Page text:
Arid deserts and icy peaks – Geri Winkler loves extremes. The Vienna resident is the third Austrian and the first person with diabetes to conquer the Seven Summits – a group of mountains comprising the highest peaks on each of the seven continents. By successfully scaling Mount McKinley (Denali) in Alaska, which is nearly 6,200 meters high, the type 1 diabetic – whose pancreas can no longer produce the vital metabolic hormone insulin – has conquered the final mountain missing from his collection. “I’ve fulfilled a life-long dream with this climb,” says the adventurer after his return to Vienna. “The tour was physically demanding, but at the same time an unbelievable experience mentally.”
The success of his Seven Summits project was dependent not just on endurance and physical fitness, but also particularly on a functioning insulin therapy. This gives the diabetic athlete a high level of flexibility, as he can administer the hormone according to his body’s demand for it. To regularly monitor his glucose level, Winkler always has a blood glucose monitoring system from Bayer HealthCare with him on his journeys around the world. The system provides the avid outdoorsman with reliable and precise measurements and therefore gives him security. “I prefer a system that is easy to use and good for ten tests after I insert the sensor disc,” says Winkler. Of particular advantage is the fact that the system doesn’t need to be manually coded when a new test strip pack is opened – a frequent source of errors. After all, reliable test results are vital for the athlete.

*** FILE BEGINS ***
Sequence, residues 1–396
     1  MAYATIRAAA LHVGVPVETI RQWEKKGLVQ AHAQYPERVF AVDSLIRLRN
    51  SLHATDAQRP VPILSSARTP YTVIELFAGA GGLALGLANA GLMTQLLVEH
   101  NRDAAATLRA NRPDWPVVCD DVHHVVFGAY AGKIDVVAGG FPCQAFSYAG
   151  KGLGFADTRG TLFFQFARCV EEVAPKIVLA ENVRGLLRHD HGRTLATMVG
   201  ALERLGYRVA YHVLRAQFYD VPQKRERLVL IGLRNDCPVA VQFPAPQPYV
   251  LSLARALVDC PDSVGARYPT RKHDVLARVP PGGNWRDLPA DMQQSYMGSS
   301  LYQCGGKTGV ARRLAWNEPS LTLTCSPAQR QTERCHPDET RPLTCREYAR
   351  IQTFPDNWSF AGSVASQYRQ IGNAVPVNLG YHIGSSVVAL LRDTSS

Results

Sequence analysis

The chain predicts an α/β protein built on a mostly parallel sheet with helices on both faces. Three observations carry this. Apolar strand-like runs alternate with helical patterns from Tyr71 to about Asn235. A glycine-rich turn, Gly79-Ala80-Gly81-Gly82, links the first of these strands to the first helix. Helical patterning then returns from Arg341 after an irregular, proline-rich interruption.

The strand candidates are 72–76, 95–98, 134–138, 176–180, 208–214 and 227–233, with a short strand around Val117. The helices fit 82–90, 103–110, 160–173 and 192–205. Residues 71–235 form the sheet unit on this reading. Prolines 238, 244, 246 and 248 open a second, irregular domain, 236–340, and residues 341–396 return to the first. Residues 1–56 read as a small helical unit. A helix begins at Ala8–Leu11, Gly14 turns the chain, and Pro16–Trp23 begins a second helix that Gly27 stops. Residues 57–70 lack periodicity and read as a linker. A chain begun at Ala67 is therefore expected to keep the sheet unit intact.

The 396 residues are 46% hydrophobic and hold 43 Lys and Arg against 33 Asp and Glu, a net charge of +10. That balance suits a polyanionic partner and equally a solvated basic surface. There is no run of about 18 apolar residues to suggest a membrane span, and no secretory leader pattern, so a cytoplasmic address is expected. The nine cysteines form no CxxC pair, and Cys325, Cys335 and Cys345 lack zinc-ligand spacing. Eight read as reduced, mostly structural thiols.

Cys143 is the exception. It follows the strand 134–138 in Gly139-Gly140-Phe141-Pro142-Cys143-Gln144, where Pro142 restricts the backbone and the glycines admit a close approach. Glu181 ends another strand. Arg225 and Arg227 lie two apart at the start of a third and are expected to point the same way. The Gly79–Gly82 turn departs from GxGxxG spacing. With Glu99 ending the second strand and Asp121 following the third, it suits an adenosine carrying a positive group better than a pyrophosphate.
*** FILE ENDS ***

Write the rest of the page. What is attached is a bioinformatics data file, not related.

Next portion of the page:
Winkler made the decision to take up the Seven Summits challenge in the fall of 2003. “What made the project so appealing was climbing the highest peaks in regions and climate zones that are completely different in terms of landscape,” explains the globetrotter. On the agenda were expeditions to Mount Elbrus in the Russian Caucasus, Aconcagua in South America, Mount Vinson in Antarctica, Kilimanjaro in Africa and Carstensz Pyramid in Oceania. The biggest athletic and mental challenge of the project, however, was the ascent to the roof of the world – Mount Everest. In May 2006, Winkler became the first diabetic to reach the 8,848 meter-high summit of the world’s highest mountain.
Whether it’s wild glacier ridges in the Andes or rocky deserts in Africa – despite breathtaking landscapes, Winkler has never underestimated the risks of his tours. The beauty of mountainous terrain is often deceptive, as the adventurer must expect avalanches at any time. Winkler knows that he has to carefully prepare himself for each mountain. He never gave up and lost sight of his main objective. Thanks to his strong willpower, the passionate mountaineer successfully completed his Seven Summits project. “You have to believe in yourself and keep setting new goals for yourself,” says Winkler, describing his philosophy of life.
About Geri Winkler
Geri Winkler was born in Vienna in 1956 and has suffered from type 1 diabetes for 24 years. His passion is the discovery of foreign countries, cultures and communities. He prefers to explore these worlds on foot or by bicycle. On May 20, 2006, he reached the 8,850-meter summit of Mount Everest. It was the longest ascent of all time, as Geri Winkler began the climb at the lowest point in the world – on the banks of the Dead Sea in Jordan, 411 meters below sea level. Traveling alone by bicycle and ultimately on foot, he reached the base of the world’s highest mountain in five months before ascending to the peak together with an American colleague.